Once the config file looks pretty and setup as needed, it’s time to invoke NLog in the application. This is as simple as creating a using statement for NLog and then creating a logger with a given name. You can create a log with a name by calling LogManager.GetLogger(“name”);. NLog’s documentation indicates that in most cases you’ll have one logger per class – which if you create a logger inside of a class you can just use LogManager.GetCurrentClassLogger().

In my testing I decided to replace the exception logging I had put in place in a previous post where I had created my own logging class. NLog provides multiple methods for different levels of logging. The config file lets you choose the minimum level in which gets written to the log.

  • Trace
  • Debug
  • Info
  • Warn
  • Error
  • Fatal

Since I’m replacing an exception logger and the exception is a wee one, I’ll use the Error() method.  (Don’t make fun of my code >.< it’s my first home-baked app)


Then when I run the application and null out one of the fields


Now, this is pretty cool and what not, but writing logs to LogEntries would be even cooler, right? Well guess what, it’s freakin EASY to implement as well. LogEntries provides a copy/paste template that goes into your applications app.config for web.config – the only value you have to change is the token to your logger.

Visit to copy the entries.

You can create a free account on LogEntries and try out their service for 30 days. When you create an account you’re prompted to create a new host which will contain a set of logs. Once the host is created you can create your first log. Once the log is created, you’re given a token which will be placed in your app.config. This all happens right after each other when you create the account – few seconds and done.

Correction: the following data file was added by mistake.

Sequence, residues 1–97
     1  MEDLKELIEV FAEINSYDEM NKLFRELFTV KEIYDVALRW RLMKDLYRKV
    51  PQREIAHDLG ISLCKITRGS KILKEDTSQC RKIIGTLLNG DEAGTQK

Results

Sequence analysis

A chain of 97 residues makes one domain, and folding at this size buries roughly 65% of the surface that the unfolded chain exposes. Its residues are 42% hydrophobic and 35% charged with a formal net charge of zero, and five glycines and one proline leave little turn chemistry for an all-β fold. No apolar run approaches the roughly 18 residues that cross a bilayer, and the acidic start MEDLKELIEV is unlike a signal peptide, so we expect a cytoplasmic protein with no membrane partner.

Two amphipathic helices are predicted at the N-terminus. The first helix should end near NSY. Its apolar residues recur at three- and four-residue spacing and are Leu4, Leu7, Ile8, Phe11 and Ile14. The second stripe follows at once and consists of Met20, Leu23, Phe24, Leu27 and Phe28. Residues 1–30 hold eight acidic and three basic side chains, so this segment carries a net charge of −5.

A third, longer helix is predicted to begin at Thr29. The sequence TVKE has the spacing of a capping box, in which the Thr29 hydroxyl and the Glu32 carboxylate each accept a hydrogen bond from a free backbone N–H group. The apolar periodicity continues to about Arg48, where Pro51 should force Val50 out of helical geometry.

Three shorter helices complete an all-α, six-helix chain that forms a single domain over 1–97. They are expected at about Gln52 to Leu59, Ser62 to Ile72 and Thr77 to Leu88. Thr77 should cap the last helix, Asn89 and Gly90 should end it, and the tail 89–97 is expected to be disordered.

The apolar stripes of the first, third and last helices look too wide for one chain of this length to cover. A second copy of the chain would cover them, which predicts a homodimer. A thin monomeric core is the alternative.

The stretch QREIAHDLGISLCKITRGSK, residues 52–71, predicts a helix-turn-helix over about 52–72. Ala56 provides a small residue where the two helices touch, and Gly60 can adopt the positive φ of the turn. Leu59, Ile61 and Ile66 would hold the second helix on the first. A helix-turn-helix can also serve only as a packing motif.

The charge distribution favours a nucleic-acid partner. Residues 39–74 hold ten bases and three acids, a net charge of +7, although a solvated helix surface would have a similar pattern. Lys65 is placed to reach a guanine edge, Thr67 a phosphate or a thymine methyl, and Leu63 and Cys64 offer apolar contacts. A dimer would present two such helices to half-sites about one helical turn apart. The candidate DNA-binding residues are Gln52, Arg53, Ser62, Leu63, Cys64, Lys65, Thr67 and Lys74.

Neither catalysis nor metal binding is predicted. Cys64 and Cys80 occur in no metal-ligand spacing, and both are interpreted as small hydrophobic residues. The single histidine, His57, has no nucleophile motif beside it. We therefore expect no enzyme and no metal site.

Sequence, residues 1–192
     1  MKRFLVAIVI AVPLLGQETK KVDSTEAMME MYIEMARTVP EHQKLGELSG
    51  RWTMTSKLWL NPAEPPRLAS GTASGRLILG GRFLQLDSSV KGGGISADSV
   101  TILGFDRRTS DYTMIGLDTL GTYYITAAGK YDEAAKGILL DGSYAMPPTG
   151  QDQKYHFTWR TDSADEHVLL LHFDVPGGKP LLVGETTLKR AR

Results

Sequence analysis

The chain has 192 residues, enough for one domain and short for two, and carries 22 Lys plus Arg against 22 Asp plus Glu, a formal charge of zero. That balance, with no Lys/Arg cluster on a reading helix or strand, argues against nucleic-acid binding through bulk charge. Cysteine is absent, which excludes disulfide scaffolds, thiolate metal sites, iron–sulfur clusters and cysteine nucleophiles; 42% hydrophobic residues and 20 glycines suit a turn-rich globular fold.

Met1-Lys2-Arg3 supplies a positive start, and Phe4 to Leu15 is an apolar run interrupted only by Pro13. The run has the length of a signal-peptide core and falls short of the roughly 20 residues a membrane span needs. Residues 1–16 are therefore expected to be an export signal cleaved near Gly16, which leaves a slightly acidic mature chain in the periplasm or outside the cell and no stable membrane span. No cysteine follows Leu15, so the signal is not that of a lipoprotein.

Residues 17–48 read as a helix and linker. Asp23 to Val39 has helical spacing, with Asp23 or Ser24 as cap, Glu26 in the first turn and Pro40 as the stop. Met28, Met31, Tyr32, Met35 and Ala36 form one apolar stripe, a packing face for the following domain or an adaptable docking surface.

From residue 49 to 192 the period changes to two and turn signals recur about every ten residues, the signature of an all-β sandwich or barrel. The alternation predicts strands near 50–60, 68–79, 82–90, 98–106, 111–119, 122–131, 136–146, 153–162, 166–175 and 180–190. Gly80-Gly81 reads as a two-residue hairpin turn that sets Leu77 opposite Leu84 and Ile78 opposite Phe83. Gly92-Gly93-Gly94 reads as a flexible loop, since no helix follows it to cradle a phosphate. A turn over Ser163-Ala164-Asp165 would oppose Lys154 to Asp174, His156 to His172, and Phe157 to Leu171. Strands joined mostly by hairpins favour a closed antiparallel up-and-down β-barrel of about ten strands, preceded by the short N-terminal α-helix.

Here’s the app.config once it’s all said and done


I Could just run the app now and it would write the logs to LogEntries, but I want to implement the log on an actual class and use the GetCurrentClassLogger() method.

private static Logger logger = LogManager.GetCurrentClassLogger();

then called the logger’s info method to tell me when the my Person’s data changed


And when running my application and hitting submit


C#: Try to catch and log that exception!

-Uses the app in the previous post, “XAML/C#: Creating a button and an event”-

I noticed that on my recent WPF application that when I clicked my save button without entering any information in my little form that it would crash with a NullRef Exception on the combo box.


Figured it would be a good time to revisit the Try Catch statement and handle myself an exception.

I removed the MessageBox portion of the SaveButton event because I wasn’t too fond of it and encased the StringBuilder in a Try block. Since I know the exception that I’m getting is a NullRef, a NullReferenceException is placed in the Catch statement.